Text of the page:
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‘Who We Are Is Where We Are’: Discovering home in Iron County after mining industry’s exit

Why northern Wisconsin residents stayed through the aftermath of deindustrialization is the focus of a new book by sociologist Amanda McMillen Lequieu

Hurley Pride is painted on pavement
The community of Hurley is part of Iron County, Wisconsin. Photo courtesy the Hurley School District

After the mining industry left Iron County, jobs disappeared, the local economy suffered and residents fled in search of better economic opportunities.

But some people stayed, committed to the rural areas and lifestyle their families had called home for generations.

Today, the history of Iron County serves as a microcosm of how deindustrialization in the 20th century affected communities across the Midwest, according to sociologist Amanda McMillen Lequieu, who spent years interviewing residents and leaders in the northern Wisconsin county.

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During a recent appearance on WPR’s “Wisconsin Today,” McMillan Lequieu said her interviews explored what it means to call somewhere “home” and how home shapes identity. The stories from her conversations with residents are shared in a new book, “Who We Are Is Where We Are: Making Home in the American Rust Belt.”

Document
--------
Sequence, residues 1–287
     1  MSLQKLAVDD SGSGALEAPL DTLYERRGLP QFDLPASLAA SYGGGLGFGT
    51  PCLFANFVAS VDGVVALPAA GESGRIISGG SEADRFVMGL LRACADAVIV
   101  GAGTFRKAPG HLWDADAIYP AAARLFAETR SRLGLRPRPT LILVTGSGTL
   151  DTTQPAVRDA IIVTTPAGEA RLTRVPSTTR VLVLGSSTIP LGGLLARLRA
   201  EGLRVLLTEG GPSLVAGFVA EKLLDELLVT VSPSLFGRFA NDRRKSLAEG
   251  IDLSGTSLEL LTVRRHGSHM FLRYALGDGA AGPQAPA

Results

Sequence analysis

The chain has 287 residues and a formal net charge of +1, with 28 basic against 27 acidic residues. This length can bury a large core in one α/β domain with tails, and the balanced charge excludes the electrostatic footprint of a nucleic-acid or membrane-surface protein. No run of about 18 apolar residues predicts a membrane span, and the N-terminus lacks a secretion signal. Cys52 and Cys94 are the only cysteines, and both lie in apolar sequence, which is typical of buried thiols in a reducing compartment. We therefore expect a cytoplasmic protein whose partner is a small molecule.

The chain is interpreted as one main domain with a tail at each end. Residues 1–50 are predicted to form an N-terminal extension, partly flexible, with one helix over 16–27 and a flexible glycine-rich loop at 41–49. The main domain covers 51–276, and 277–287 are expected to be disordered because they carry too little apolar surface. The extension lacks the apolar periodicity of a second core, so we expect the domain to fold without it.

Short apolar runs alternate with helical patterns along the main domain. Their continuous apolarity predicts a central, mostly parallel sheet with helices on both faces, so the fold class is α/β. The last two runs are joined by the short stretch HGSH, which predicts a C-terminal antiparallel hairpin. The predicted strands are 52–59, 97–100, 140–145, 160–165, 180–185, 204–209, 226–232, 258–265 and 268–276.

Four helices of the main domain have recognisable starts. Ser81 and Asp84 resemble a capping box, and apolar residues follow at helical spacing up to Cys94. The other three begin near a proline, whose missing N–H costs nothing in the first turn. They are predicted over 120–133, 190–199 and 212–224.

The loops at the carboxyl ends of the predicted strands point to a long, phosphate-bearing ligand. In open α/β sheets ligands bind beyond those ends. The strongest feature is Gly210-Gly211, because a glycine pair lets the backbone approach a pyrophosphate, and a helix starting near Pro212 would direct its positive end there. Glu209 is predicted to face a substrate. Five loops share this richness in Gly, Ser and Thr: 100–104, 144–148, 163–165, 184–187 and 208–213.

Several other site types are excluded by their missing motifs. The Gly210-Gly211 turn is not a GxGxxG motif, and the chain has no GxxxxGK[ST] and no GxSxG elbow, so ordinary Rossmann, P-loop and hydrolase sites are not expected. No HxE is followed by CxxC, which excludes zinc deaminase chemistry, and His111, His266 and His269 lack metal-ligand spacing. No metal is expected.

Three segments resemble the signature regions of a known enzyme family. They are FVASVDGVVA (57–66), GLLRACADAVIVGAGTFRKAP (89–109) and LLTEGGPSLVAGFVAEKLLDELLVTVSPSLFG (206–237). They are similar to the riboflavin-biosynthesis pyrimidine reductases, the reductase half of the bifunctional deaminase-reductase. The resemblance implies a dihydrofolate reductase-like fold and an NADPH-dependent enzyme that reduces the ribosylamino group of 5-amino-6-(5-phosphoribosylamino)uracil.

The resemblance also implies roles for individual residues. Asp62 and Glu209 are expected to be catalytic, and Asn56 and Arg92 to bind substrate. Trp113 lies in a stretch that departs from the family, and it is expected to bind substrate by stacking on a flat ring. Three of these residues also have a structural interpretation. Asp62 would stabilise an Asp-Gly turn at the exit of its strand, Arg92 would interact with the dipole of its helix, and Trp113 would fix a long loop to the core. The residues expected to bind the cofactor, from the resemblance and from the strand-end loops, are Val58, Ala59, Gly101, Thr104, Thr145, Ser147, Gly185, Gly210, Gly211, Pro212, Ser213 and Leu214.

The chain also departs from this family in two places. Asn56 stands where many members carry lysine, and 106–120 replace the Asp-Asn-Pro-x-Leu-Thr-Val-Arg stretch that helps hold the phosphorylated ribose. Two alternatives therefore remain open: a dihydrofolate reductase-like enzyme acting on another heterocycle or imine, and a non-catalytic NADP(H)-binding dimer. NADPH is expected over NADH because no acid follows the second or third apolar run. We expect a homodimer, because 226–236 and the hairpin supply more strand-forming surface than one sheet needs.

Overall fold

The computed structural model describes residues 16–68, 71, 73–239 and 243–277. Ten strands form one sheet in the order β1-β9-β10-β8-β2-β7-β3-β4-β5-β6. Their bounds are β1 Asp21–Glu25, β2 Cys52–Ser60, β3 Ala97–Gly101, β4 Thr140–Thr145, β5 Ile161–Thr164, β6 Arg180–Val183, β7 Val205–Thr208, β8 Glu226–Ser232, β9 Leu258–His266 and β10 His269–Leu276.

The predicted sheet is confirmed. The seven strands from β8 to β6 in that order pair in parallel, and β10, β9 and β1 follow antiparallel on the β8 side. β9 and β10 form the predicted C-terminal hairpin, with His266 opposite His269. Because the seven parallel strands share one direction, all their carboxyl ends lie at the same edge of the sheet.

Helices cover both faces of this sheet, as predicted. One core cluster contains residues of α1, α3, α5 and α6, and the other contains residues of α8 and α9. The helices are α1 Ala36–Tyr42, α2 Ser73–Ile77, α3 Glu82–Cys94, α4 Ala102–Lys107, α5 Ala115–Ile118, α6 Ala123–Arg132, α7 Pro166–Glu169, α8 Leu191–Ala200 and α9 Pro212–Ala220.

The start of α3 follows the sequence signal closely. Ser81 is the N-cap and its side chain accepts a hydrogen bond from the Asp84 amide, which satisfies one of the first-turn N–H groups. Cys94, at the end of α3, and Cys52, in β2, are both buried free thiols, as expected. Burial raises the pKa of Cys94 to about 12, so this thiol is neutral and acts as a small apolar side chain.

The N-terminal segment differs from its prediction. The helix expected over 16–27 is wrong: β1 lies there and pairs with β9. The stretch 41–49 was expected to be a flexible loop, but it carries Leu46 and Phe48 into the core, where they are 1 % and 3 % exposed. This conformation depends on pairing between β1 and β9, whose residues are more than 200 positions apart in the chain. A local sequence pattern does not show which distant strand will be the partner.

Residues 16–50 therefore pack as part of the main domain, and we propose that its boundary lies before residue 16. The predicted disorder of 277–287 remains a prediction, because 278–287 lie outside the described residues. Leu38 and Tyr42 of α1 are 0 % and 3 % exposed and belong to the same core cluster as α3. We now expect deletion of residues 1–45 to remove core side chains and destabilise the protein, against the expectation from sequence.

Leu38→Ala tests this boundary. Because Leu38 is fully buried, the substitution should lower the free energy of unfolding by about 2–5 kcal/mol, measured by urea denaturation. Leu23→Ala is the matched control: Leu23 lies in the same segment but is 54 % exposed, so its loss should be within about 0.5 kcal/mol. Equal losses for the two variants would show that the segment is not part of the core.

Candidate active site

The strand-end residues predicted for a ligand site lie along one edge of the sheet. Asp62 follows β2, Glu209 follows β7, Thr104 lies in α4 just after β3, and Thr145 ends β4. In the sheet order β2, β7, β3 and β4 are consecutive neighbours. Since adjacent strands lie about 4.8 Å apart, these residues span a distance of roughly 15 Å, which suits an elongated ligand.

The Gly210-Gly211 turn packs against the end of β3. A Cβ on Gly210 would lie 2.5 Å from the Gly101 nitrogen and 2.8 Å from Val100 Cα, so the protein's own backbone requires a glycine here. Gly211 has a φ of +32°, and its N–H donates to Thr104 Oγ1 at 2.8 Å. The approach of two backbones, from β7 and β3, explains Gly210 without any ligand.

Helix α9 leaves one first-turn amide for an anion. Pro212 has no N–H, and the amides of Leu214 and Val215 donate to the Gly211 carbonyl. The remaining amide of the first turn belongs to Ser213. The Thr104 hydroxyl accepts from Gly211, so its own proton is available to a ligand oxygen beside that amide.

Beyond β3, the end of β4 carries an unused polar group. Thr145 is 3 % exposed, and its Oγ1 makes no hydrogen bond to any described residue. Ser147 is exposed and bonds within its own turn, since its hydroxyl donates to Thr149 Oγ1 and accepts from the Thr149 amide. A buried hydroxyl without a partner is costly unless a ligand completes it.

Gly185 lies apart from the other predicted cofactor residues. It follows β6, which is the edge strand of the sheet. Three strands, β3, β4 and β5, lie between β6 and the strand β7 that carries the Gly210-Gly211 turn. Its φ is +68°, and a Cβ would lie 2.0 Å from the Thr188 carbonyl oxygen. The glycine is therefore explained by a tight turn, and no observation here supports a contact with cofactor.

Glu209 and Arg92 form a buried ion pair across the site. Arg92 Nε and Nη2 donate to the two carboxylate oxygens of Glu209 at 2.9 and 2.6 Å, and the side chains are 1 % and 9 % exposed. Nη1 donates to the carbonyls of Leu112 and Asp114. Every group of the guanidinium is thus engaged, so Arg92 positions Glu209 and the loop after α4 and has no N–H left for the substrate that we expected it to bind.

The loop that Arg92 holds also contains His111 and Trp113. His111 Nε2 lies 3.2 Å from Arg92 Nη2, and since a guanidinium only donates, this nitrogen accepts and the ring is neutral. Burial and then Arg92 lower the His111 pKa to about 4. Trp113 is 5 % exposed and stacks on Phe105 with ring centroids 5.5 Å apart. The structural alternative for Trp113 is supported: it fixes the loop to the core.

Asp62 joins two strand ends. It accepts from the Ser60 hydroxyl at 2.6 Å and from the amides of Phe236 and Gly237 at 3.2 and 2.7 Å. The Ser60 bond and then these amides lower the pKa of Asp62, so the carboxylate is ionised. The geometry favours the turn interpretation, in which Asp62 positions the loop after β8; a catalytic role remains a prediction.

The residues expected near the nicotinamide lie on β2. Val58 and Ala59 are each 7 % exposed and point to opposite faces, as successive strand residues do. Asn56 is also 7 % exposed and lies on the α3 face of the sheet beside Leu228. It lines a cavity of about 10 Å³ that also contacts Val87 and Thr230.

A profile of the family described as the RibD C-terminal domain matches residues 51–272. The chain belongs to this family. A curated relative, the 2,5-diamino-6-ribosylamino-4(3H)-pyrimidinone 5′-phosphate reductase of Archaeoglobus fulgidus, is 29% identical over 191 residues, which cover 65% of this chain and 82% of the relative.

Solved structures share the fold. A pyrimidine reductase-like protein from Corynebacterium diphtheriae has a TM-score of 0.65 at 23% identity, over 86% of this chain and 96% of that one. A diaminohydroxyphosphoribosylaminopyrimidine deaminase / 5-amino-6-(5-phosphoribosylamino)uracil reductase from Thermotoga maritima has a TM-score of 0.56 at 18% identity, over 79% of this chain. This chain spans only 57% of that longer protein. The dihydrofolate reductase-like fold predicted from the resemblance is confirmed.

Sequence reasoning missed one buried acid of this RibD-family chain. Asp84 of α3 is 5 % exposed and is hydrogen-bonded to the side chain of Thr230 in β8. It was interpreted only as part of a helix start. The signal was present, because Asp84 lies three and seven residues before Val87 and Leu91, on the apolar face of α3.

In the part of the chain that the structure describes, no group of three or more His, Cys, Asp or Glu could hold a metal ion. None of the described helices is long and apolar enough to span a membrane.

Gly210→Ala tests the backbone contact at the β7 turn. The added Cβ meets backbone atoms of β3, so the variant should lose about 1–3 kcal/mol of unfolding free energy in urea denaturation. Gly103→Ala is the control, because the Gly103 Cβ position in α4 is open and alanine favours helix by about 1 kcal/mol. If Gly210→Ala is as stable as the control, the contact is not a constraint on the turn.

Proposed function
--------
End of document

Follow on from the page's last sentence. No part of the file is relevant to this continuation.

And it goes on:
The following was edited for clarity and brevity.

Kate Archer Kent: You could tell this story of the American Rust Belt in a number of Midwestern communities. Why choose Iron County as a primary setting?

Amanda McMillen Lequieu: Iron County captured my imagination because in the early 2010s, the county was suddenly in the national spotlight because a new iron mine was proposed there, the GTAC mine. The proposal for this large, strip iron mine eventually failed, but it centered this interesting community because it was going to be a new generation of a familiar industry, another generation of iron mining in Iron County. 

“For many of my interviewees, those social resources were just invaluable. They were too important to lose.”

Amanda McMillen Lequieu

KAK: As the mines closed, so did places like Montreal, Wisconsin, in a way. You described places like this as “cradle-to-grave” company towns. What was life like there when the mines were flourishing?

AML: These iron companies in Iron County, at the turn of the 20th century, came to the county, actually built the houses people lived in, paved the streets with iron-mine tailings, organized cattle grazing rotations for community members, rented out rooms to single men, ran a company store, had a company doctor.

When the companies closed, many (residents) bought the houses, but then the rest of that company infrastructure — like the doctor, like the road maintenance — suddenly these community members needed to figure this stuff out for themselves. It really gutted not only the mining employment whenever these mines closed but also the way these communities functioned.

KAK: You introduce us to Iron County residents like Rupert who stayed through the economic hardships that followed the collapse of the mining industry, and it echoes throughout the book. Why did people stay? Why didn’t people like Rupert leave and go to where other jobs were?